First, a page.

Talk about how your family will recognize and honor Christ the King. Pray together the Lord’s Prayer and ask God to help your family to act in ways that show you recognize and honor Christ as King.

Sources: Loyola Press; Sunday Readings

Thirty-Third Sunday in Ordinary Time, Cycle C November 17, 2019

First Reading
Malachi 3:19-20
The day of justice is coming, says the Lord.

Responsorial Psalm
Psalm 98:5-6,7-8,9
Sing praise to God, who rules with justice.

Second Reading
2 Thessalonians 3:7-12
Paul urges the community to follow his example and to earn their keep.

Gospel Reading
Luke 21:5-19
Jesus predicts the destruction of the Temple in Jerusalem and warns his followers that persecution will come before the end time.

Gospel LK 21:5-19

While some people were speaking about
how the temple was adorned with costly stones and votive offerings,
Jesus said, “All that you see here–
the days will come when there will not be left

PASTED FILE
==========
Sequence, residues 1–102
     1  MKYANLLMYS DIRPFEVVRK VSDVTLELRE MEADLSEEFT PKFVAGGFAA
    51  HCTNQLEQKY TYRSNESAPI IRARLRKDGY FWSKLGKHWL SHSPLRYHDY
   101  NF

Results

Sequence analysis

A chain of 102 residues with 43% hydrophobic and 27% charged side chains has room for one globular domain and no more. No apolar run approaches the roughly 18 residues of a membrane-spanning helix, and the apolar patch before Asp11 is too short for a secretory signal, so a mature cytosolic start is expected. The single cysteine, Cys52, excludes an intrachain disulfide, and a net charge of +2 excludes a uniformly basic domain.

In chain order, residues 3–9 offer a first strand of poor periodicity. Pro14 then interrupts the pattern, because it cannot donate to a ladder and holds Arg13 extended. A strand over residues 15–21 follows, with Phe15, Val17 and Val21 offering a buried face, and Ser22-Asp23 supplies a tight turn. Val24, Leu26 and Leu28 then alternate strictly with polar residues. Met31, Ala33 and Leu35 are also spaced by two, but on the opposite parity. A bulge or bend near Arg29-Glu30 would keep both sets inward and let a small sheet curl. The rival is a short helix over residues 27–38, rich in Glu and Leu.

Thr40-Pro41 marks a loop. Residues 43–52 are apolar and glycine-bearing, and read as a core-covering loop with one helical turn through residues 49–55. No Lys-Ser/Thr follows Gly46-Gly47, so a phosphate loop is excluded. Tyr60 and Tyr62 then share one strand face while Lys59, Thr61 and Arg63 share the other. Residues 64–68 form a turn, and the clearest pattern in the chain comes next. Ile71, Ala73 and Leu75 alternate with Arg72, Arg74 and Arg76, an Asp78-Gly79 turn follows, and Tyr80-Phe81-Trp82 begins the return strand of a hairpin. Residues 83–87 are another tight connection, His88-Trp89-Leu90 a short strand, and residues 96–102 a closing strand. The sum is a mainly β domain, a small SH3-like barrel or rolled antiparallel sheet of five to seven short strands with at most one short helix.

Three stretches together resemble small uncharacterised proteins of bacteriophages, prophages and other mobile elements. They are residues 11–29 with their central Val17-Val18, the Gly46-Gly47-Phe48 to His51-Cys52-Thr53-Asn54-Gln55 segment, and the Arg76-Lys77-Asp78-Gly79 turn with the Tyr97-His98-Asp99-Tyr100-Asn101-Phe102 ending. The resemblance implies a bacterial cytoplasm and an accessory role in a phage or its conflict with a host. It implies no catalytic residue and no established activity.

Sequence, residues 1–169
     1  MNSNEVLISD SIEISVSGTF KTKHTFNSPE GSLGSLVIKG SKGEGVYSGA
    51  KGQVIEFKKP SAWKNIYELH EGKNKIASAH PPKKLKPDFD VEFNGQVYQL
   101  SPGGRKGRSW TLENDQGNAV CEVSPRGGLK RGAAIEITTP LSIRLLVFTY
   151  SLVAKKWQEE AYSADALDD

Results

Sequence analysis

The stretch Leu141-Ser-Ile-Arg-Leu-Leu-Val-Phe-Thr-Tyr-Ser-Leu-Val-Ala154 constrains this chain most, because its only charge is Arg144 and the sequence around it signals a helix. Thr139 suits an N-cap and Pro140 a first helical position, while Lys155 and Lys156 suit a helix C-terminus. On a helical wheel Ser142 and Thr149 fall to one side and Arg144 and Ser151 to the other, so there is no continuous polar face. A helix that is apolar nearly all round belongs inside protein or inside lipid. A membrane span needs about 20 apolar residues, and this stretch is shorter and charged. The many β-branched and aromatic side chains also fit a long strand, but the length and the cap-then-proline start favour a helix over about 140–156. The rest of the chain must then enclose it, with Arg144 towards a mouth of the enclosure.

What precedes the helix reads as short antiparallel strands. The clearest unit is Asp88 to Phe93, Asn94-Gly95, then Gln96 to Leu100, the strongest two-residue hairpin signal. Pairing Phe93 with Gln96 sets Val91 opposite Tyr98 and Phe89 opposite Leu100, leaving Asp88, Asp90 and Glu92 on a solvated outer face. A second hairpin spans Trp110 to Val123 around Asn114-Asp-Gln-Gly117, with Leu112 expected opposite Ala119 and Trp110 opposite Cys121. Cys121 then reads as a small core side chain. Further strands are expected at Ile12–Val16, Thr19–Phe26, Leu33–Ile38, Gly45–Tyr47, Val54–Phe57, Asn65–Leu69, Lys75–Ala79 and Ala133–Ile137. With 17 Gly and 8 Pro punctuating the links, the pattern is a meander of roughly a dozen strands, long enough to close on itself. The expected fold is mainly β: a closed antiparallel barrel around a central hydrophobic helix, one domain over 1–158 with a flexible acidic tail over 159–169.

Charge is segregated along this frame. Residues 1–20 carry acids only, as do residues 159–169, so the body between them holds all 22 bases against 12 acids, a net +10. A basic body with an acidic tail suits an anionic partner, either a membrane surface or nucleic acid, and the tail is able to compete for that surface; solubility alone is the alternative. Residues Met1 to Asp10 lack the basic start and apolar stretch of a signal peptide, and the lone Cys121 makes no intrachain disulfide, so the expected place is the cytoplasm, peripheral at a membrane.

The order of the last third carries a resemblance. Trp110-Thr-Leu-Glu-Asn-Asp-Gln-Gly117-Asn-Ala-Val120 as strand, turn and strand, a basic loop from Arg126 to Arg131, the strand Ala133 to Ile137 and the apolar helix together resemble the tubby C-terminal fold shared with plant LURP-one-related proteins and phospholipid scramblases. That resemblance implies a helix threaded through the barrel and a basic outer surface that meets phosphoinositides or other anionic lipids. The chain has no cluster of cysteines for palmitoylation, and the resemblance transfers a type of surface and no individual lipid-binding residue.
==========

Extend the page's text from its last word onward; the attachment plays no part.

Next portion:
a stone upon another stone that will not be thrown down.”

Then they asked him,
“Teacher, when will this happen?
And what sign will there be when all these things are about to happen?”
He answered,
“See that you not be deceived,
for many will come in my name, saying,
‘I am he,’ and ‘The time has come.’
Do not follow them!
When you hear of wars and insurrections,
do not be terrified; for such things must happen first,
but it will not immediately be the end.”
Then he said to them,
“Nation will rise against nation, and kingdom against kingdom.
There will be powerful earthquakes, famines, and plagues
from place to place;
and awesome sights and mighty signs will come from the sky.

“Before all this happens, however,
they will seize and persecute you,
they will hand you over to the synagogues and to prisons,
and they will have you led before kings and governors
because of my name.
It will lead to your giving testimony.
Remember, you are not to prepare your defense beforehand,
for I myself shall give you a wisdom in speaking
that all your adversaries will be powerless to resist or refute.
You will even be handed over by parents, brothers, relatives, and friends,
and they will put some of you to death.
You will be hated by all because of my name,
but not a hair on your head will be destroyed.
By your perseverance you will secure your lives.”


Background on the Gospel Reading

In the context of Luke, today’s Gospel appears near the end of Jesus’ teaching in Jerusalem, just prior to the events that will lead to his crucifixion. His warnings and predictions are ominous but can be read in many ways.